Page Reviewed / Updated - May 2016
When a consumer makes a purchase at the pharmacy, they present their card and are provided with a quote for the amount of savings they can generate by using the card for the purchase. Once they have this information, the consumer can then make the decision of whether or not they want to make the purchase and / or use the card to do so. Savings are realized at the point of sale, not later through a rebate process.
Nearly everyone can receive some benefit from a discount drug card. Persons without insurance can gain large discounts. Persons with insurance can avoid high deductibles and get discounts on medications that are not covered by their insurance. Even persons with very good insurance can benefit as drug cards also discount over-the-counter and pet medications.
This depends on many factors, the most important of which are the specific drugs being purchased and the issuer of the discount drug card. In the best of situations, as much as 80% off the retail price can be discounted. Accurate data is difficult to obtain. However, informal studies have found an average discount of between 15% - 20% when using a discount drug card. Generics drugs, in addition to already being less expensive, tend to be discounted at a higher rate than their brand name equivalents.
Can the savings be determined in advance of using the drug discount card? Yes and no. The discounted rates are constantly changing due to many different factors. It is nearly impossible to determine the exact discount for a specific card for a specific drug at a specific pharmacy. However, one can present their card when making a purchase, receive a quote and then elect to use or not use the card or even to not make the purchase. One can also call their local pharmacy and ask for a quote using the card.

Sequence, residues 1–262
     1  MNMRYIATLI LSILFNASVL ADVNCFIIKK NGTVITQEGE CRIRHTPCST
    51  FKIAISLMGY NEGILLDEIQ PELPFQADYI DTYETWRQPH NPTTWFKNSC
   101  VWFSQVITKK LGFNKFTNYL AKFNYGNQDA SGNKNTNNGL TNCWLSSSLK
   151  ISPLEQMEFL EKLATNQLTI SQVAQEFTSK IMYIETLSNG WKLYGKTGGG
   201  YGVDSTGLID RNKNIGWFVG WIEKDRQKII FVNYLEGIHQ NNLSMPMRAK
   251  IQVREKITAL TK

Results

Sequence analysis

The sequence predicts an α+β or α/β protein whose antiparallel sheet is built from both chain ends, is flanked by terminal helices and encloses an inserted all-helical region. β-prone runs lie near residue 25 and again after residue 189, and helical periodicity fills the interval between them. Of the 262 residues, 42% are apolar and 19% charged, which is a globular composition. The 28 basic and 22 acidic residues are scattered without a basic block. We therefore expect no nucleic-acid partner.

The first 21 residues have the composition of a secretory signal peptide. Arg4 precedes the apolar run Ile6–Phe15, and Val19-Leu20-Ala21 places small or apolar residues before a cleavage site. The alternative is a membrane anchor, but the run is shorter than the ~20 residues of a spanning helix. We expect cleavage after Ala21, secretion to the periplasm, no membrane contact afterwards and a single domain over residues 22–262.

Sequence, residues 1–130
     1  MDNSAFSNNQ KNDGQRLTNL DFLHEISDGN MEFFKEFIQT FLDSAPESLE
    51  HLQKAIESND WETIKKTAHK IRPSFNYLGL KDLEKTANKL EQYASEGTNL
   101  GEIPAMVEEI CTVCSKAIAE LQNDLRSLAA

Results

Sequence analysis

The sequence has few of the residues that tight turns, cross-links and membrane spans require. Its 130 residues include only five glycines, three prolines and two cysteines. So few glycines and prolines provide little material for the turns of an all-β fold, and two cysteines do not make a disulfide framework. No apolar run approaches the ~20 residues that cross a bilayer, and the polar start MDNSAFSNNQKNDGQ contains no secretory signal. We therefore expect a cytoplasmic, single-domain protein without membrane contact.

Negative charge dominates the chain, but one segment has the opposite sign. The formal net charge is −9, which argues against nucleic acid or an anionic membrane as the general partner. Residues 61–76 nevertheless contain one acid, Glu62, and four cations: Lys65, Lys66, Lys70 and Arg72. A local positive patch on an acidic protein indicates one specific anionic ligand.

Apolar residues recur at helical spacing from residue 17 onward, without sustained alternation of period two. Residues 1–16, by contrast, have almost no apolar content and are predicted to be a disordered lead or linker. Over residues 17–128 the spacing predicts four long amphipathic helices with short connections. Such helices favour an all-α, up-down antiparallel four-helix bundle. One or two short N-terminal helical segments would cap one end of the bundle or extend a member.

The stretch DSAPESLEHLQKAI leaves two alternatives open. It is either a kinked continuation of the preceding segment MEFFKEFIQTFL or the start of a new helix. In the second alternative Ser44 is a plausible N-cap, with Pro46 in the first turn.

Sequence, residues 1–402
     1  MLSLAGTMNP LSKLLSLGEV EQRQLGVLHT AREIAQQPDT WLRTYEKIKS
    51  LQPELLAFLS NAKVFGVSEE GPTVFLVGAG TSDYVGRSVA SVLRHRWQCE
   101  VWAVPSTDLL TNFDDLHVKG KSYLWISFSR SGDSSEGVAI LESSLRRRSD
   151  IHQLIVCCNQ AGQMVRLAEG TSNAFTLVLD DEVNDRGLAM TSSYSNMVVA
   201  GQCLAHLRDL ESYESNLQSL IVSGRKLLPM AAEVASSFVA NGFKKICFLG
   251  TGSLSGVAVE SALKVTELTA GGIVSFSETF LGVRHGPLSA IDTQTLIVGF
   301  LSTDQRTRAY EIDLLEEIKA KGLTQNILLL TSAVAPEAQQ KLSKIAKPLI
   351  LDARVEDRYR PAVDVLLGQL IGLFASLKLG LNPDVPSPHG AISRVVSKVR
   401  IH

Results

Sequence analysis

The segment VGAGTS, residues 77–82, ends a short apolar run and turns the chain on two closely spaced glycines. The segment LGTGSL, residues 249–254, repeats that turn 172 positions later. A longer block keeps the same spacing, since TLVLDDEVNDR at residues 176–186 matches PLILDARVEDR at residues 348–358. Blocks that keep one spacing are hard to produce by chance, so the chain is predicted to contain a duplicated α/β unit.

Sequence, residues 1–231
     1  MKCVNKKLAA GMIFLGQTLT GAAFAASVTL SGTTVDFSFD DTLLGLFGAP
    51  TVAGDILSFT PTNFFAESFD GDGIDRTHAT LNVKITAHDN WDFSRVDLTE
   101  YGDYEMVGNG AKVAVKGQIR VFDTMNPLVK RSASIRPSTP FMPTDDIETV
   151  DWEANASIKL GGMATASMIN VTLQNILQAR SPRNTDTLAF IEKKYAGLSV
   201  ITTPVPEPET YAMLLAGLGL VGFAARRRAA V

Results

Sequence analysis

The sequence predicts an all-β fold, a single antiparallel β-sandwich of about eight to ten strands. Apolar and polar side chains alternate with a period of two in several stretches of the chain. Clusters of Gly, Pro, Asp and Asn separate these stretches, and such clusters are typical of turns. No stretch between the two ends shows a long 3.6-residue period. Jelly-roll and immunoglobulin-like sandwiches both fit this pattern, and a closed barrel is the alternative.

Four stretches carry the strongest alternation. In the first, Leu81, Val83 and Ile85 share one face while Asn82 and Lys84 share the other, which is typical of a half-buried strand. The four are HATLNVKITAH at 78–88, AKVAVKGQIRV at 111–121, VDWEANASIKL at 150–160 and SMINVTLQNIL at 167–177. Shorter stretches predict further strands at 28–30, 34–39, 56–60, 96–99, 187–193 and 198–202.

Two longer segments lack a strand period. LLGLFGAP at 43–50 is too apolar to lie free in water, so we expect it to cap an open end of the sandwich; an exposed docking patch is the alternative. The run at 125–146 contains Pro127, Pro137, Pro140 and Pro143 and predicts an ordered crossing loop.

There are 3 ways by which organizations offering discount drug cards make money. However, not all card issuers engage in all 3 ways of making money, and not all ways of making money necessarily come at the cardholder's expense.
1) Enrollment, annual or monthly fees - these are charged to the consumer directly and can range from a few dollars to as much as $100 / year. Not all cards charge these fees and it is best to avoid those that do.
2) Transaction fees - each time the card is used, a small fee is added to the final purchase price. While these fees come at the consumer's expense, they are usually very minor and insignificant relative to the savings the discount drug cards generate. All discount drug cards have some sort of transaction fee.
3) Information Sales - information is collected when the card is used about drug purchases and locations and is sold to marketers. There are two types of information sales; personal and aggregate.